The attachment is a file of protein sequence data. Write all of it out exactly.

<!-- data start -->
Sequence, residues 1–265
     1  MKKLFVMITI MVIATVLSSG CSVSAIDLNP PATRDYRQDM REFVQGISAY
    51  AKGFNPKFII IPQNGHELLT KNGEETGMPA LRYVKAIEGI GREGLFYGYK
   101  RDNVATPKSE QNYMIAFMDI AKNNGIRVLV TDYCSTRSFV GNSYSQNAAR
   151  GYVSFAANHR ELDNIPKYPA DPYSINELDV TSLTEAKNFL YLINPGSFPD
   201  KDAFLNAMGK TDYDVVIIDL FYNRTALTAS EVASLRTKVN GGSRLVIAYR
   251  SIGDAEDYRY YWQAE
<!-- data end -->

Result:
Sequence, residues 1–265
     1  MKKLFVMITI MVIATVLSSG CSVSAIDLNP PATRDYRQDM REFVQGISAY
    51  AKGFNPKFII IPQNGHELLT KNGEETGMPA LRYVKAIEGI GREGLFYGYK
   101  RDNVATPKSE QNYMIAFMDI AKNNGIRVLV TDYCSTRSFV GNSYSQNAAR
   151  GYVSFAANHR ELDNIPKYPA DPYSINELDV TSLTEAKNFL YLINPGSFPD
   201  KDAFLNAMGK TDYDVVIIDL FYNRTALTAS EVASLRTKVN GGSRLVIAYR
   251  SIGDAEDYRY YWQAE